Today (well, everyday, but especially today) I'm remembering my father who passed away three years ago. He served in the Air National Guard. My father died unexpectedly of a disease called HCM. Never heard of it? Neither had we before his death. I would love to share a little bit about it with you since it is a completely treatable (but rarely tested for) disease if you know you have it.
From Wikepedia: "Hypertrophic cardiomyopathy, HCM or HOCM, is a disease of the myocardium (the muscle of the heart) in which a portion of the myocardium is hypertrophied (thickened) without any obvious cause. It is perhaps most well-known as a leading cause of sudden cardiac death in young athletes. The occurrence of hypertrophic cardiomyopathy is a significant cause of sudden unexpected cardiac death in any age group and as a cause of disabling cardiac symptoms.
HCM is frequently asymptomatic until sudden cardiac death; it can be detected with high accuracy (70%+) by screening via ECG or echocardiogram. Routine Hypertrophic Cardiomyopathy Screening of athletes in Italy since the 1970s has reduced sudden cardiac death by 89%; in the United States such screening is not routine and has consistently been opposed by the American Heart Association, presumably due to its rare incidence."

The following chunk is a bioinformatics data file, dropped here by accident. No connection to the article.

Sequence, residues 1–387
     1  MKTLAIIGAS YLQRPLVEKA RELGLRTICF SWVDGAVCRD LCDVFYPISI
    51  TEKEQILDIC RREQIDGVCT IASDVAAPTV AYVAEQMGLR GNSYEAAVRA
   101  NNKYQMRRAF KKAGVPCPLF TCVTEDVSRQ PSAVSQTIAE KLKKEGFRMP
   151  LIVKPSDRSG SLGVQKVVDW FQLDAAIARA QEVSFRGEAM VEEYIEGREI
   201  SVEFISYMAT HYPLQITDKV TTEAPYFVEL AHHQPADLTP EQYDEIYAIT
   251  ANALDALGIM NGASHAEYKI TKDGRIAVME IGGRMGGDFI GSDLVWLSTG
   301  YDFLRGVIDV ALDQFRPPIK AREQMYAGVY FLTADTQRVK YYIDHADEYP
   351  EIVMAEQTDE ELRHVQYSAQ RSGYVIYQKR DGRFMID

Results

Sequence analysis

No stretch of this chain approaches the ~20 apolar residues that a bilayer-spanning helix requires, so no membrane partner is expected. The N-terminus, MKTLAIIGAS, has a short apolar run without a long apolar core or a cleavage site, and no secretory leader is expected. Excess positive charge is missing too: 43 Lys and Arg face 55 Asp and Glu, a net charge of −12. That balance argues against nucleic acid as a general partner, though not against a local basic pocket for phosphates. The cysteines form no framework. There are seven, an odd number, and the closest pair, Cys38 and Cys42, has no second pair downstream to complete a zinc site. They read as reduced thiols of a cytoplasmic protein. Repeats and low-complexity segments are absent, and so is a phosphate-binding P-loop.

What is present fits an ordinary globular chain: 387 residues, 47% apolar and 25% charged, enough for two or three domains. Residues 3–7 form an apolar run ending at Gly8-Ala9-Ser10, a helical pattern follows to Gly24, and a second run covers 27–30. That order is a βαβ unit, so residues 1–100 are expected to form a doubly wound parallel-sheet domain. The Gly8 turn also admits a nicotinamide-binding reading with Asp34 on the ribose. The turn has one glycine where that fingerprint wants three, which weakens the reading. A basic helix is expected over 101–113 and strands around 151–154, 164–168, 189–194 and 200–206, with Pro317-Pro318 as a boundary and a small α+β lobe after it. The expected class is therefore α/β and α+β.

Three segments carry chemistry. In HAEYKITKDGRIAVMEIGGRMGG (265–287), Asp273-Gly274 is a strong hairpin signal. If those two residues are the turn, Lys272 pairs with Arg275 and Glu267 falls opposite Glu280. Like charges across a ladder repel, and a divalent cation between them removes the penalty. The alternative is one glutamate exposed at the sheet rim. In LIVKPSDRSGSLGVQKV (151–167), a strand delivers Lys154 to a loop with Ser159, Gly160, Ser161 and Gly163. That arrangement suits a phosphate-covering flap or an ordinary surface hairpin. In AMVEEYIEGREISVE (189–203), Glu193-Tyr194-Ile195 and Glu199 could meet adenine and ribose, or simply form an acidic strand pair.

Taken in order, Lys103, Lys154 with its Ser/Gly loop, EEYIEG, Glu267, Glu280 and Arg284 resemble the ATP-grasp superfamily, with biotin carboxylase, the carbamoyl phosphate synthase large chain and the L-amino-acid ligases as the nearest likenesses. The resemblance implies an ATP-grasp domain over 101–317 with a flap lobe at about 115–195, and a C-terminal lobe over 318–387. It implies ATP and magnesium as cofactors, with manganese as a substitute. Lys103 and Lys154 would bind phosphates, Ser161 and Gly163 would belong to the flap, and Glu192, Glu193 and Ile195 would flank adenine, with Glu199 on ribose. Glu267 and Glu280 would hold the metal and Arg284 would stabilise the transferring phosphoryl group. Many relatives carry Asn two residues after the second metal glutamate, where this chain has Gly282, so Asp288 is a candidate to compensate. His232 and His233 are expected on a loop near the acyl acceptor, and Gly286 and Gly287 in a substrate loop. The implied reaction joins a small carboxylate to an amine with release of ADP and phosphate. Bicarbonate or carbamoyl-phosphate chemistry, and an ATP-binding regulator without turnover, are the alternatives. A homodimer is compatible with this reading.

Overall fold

The above paragraph claims HCM as frequently asymptomatic, but it is my personal belief that because it is a rare disease, the symptoms that patients exhibit are often misdiagnosed and/or ignored as "not serious". My father presented the following symptoms that never led doctors to perform an ECG: Periods of rapid heartbeat, intense feelings of "heartburn" without cause, asthma.
After my father passed, my uncle, who realized he had all these symptoms, immediately went in to get tested and has HCM (it is genetic). He is being treated.
Anyway, thanks for reading. I also want to honor all the service men and women who have given the ultimate sacrifice for their country and those who continue to serve.